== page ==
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Vinton Cerf  –  Father of the Internet
" I think [creativity] is simply a matter of avidly putting together ideas that don't necessarily go together at first... "
How were you motivated to choose your particular field?
  I was first introduced to computers in 1958 when I visited the Semi–Automated Ground Environment computer in Santa Monica, California at the System Development Corporation. This was a three–room, tube–based (!!!) computer that analyzed radar returns from the Distant Early Warning radar network in the northern part of Canada. These radars were looking for bombers coming to North America from the Soviet Union. I was fascinated by the concept of computing. Two years later, my best friend, Steve Crocker, introduced me to a Bendix G–15 paper tape computer at UCLA and we programmed it while we were still high school students. After I got to Stanford as an undergraduate, I took all the computer science courses I could and then went to work for IBM.

I was introduced to computer networking at UCLA after I returned to school for graduate work. I was working on the ARPANET – the first wide–area packet switching computer network. The idea of connecting computers and interacting with them remotely or having them interact with each other was completely captivating. Later I got involved in the design of the Internet with my colleague, Bob Kahn and completed the first published design in 1974. From then on, I was HOOKED on networking!!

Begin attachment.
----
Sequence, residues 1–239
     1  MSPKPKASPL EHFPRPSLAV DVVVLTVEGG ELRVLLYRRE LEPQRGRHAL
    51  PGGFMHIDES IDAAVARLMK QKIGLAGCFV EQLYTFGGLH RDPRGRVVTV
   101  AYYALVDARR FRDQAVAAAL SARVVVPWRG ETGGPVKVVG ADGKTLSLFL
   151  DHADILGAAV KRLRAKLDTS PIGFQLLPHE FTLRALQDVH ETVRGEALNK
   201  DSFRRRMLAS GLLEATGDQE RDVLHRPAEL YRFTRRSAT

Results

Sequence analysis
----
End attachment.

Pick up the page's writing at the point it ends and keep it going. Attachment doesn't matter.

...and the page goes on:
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What can you share about your creative process?
    I think it is simply a matter of avidly putting together ideas that don't necessarily go together at first – or trying to find ways of linking systems that were not designed to work together initially. The tinker–toy theory of networking so to speak. I'm fascinated by finding simple rules that will allow complex systems to interwork – and that is, of course, at the heart of the Internet and its TCP/IP standards.  
What ideas do you have for a future human community on Mars?
  Well, you could read the three–book series on Mars by Kim Robinson, which recounts such a colony. I would expect them to live in a kind of observation post area (10–km circle) initially but over time they would surely do a good deal of exploration. They would use satellite communication to manage remotely piloted vehicles on the planet to explore where they might not be able to go themselves. Some would stay in orbit around the planet and others settle into research station facilities on the surface, much like the Antarctic stations on Earth. I would want them to be able to communicate with each other over a Mars Internet and with Earth through the Interplanetary Internet – they would want very much to stay in touch with family and friends on Earth during their sojourn on Mars.  
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